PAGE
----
Belding school board votes to change Redskins mascot

By Emilee Nielsen • Last Updated 3:27 pm on Wednesday, December 21, 2016

Belding Area Schools Superintendent Brent Noskey tells the Board of Education and members of the audience that he hopes to continue the support the community has given Belding schools and the desire to grow stronger and keep improving together during Monday evening’s board meeting. — Daily News/Emilee Nielsen

BELDING — Belding’s longtime mascot is about to become a piece of history.

After months of conversation at school board meetings and special community forums, the Belding Area Schools board voted unanimously to change the mascot from the Redskins and to do away with any Native American associated imagery on Monday evening.

Superintendent Brent Noskey said he understands there are those in the community who are “diehard Redskins” and that “they were never meaning to be offensive with that mascot.”

The Belding Board of Education declared Monday the district will change the Redskins mascot and move away from the Native American imagery. — Daily News/Emilee Nielsen

“As other things in our history of this country have changed, so too has how a mascot of Redskins might be looked at,” Noskey said. “Because of that, the distraction surrounding that, I congratulate the board for making this decision. Whether you’re a Redskins fan or not, I hope that you will stay wholeheartedly with this community.”

Noskey went on to say that the community isn’t proud “because we’re the Redskins.”

“We’re proud of the relationships we built while we were the Redskins,” he emphasized.

Noskey related a story regarding Lowell Public Schools and how they were once called the Lowell Red Devils. He said when the district was asked to move away from that mascot, the district didn’t hesitate. He said the district and community are proud to be the Red Arrows today.

“I know moving forward this community will support and be proud of whatever we call ourselves,” he said. “I know this town will move forward and we will continue to be a strong district as we move forward.”

Noskey recognized that people will be upset about the mascot change, but he pointed out that many people who might express discontent weren’t present at any of the several community forums the board recently held.

“We asked them over and over to please show up, please give your feedback,” he said. “Unfortunately, with who came and the information and the education that was shared, the board really had no choice but to vote the way they did.”

The next steps for making a change are undecided at this point, but Noskey assured the audience it will be a decision made by community members and students. He said the board and the district haven’t had discussions about what the next steps would be in changing the mascot because they “didn’t want to jump the gun” on the decision.

“There’s not a lot to do. We’ve already kind of adopted the Old English B currently,” he said. “We will have a lot of decisions to make in terms of how we transition to a new mascot.”

Board Member Doug Lamborne said he hopes this decision will be a unifying thing for the community.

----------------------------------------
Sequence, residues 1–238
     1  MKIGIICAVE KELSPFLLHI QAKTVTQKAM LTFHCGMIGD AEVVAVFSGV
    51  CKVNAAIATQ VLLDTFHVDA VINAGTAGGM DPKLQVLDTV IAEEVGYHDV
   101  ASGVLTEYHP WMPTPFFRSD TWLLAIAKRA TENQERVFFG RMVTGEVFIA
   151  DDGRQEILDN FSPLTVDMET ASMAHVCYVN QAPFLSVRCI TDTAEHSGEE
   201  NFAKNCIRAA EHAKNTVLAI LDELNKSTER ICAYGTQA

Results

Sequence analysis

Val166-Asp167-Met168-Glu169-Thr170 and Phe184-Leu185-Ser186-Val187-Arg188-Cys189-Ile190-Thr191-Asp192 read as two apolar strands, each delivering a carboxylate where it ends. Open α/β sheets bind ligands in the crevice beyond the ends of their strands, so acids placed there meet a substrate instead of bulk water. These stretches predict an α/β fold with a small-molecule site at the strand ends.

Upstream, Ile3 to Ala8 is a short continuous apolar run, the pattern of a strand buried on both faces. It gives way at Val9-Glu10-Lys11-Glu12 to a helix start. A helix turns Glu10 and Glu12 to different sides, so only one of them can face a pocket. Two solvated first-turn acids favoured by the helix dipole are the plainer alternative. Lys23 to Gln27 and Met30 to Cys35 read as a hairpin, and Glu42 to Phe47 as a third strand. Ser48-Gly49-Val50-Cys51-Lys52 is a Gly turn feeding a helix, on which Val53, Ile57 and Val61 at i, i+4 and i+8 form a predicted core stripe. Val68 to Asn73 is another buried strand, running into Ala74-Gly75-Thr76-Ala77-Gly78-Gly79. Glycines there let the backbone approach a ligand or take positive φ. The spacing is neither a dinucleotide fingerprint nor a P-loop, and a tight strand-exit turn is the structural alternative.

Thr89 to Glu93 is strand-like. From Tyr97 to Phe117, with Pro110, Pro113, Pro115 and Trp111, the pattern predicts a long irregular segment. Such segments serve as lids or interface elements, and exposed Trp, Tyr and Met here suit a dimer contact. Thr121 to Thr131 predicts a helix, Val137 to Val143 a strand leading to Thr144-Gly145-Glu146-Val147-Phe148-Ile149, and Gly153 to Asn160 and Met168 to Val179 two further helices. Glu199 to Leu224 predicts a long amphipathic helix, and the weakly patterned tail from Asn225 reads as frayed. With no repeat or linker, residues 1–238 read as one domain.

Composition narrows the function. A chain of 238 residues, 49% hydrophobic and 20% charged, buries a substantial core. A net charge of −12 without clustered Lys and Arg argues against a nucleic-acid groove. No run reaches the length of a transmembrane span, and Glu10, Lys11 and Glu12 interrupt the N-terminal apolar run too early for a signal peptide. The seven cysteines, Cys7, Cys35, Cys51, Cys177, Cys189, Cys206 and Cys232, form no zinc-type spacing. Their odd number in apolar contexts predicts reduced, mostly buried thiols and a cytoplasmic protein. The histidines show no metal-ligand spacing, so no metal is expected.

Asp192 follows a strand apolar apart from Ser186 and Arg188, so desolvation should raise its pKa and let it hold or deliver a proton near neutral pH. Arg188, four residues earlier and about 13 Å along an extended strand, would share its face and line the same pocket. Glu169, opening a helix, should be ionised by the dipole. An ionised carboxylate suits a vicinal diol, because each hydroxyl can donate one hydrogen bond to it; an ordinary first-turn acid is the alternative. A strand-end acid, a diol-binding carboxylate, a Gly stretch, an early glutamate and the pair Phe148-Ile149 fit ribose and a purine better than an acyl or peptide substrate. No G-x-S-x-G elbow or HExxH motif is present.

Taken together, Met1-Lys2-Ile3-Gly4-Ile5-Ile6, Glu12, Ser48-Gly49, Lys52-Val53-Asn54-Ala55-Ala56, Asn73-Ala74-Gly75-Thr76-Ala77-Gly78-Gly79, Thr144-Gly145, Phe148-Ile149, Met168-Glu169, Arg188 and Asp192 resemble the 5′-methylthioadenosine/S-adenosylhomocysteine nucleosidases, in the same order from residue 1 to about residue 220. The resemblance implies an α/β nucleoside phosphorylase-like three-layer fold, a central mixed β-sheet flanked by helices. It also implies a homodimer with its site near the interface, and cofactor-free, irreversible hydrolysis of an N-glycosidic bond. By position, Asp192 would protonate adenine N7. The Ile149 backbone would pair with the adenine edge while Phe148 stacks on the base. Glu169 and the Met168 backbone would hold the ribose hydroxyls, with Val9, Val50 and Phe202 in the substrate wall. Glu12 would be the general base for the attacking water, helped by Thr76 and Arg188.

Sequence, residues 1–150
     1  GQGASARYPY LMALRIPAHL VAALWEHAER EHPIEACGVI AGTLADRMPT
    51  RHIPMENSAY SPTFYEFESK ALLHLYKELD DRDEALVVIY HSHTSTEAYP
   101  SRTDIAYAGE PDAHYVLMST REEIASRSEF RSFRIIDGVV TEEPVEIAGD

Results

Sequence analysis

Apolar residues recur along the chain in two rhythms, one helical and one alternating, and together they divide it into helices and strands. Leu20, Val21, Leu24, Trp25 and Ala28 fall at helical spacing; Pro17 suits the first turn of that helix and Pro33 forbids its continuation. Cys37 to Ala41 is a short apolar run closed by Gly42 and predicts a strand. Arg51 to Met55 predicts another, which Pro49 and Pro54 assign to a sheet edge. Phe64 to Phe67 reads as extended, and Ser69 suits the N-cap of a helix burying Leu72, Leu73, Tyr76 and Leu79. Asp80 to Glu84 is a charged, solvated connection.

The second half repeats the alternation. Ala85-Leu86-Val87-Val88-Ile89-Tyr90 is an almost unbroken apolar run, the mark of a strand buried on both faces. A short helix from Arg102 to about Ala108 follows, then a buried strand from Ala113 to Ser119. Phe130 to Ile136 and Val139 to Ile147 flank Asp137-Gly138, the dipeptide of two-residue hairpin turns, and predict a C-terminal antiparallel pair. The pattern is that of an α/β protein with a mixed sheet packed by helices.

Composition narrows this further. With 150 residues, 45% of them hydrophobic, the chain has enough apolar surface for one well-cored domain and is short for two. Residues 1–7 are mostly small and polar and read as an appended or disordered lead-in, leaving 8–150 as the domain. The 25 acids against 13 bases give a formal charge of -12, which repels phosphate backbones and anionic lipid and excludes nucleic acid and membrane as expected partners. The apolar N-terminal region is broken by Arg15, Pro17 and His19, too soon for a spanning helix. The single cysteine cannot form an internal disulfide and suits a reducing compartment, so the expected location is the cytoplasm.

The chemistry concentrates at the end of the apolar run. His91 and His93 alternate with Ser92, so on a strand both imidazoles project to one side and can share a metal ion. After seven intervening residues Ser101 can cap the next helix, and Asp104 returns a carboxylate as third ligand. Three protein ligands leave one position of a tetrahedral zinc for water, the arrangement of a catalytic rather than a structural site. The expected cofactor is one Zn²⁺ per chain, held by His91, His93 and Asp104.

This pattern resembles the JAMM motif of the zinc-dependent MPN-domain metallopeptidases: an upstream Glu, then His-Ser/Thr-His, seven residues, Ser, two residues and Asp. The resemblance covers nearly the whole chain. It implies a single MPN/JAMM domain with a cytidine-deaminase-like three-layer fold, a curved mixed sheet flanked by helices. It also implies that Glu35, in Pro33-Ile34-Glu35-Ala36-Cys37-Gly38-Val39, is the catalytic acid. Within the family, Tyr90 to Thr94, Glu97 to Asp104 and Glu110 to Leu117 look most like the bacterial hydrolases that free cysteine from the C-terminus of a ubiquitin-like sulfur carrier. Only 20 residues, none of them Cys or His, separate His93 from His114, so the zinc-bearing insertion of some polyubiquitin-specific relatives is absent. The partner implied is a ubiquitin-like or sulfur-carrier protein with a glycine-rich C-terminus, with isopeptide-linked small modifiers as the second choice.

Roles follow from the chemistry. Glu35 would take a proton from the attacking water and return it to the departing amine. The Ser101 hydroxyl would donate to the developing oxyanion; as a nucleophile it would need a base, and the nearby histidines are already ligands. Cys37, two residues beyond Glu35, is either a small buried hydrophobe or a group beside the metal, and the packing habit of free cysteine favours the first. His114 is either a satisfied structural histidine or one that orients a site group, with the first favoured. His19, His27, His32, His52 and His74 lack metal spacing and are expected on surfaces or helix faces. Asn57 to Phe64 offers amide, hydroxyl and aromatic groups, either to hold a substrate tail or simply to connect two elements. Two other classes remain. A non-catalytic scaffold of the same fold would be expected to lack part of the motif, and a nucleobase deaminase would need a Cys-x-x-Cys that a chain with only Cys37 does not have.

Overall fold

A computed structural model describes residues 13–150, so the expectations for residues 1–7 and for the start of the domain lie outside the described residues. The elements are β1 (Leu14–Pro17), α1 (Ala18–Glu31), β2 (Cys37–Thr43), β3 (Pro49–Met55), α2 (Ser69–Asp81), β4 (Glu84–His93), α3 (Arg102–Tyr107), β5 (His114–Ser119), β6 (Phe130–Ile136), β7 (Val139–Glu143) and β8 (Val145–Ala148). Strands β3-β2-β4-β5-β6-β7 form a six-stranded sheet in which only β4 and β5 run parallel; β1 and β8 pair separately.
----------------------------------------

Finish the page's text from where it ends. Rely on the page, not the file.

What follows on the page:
“Sometimes we get real carried away about being politically correct,” he said. “… I’m about doing what’s right. We did what’s right.”

Dr. Chuck Barker Jr. said at the beginning of the meeting he wanted to thank the board for “doing due diligence” and reaching out to the community on this issue.

“This board did a nice job of making sure both sides were able to be heard,” he said.

Barker is the husband of Carmin Barker, who originally started the mascot conversation with the board and the community last March when she had shirts made with the Belding Redskins name and Native American imagery on them, and was asked not to wear them. At that time, she said she’d like to see the board bring back the Redskins and begin putting the logo on things in the district again.

Over the past nine months, Barker did research and had conversations with Native Americans and community members. She set out to give her children an identity and hopefully save the mascot. But after her research, she decided she would like to see a new mascot and to unite the community around that new mascot.

“I’m relieved (the board has made a decision),” she said. “I’m excited to hear what the students have to say.”

She said she has four students in Belding middle and high school and that they don’t want to see the mascot change. Her son, who is in college at Western Michigan as a freshman, doesn’t care as much about the issue as he did when he was still attending Belding schools.

Melanie Fish, a Belding resident, said she’s elated about the board’s decision.

“I’m very excited. I hope moving forward that they listen to the students. I know they have a lot of neat ideas,” she said. “We expect it will be a process. We don’t expect it to change overnight.”

Fish said the Redskins mascot was something not just Native Americans found offensive, but people from other cultures as well.

“We all live in our bubble. I’m really excited that the community chose to educate. I’m really excited about Mr. Noskey and the way the board handled this,” she said. “I really appreciate Mr. Noskey’s leadership on this.”

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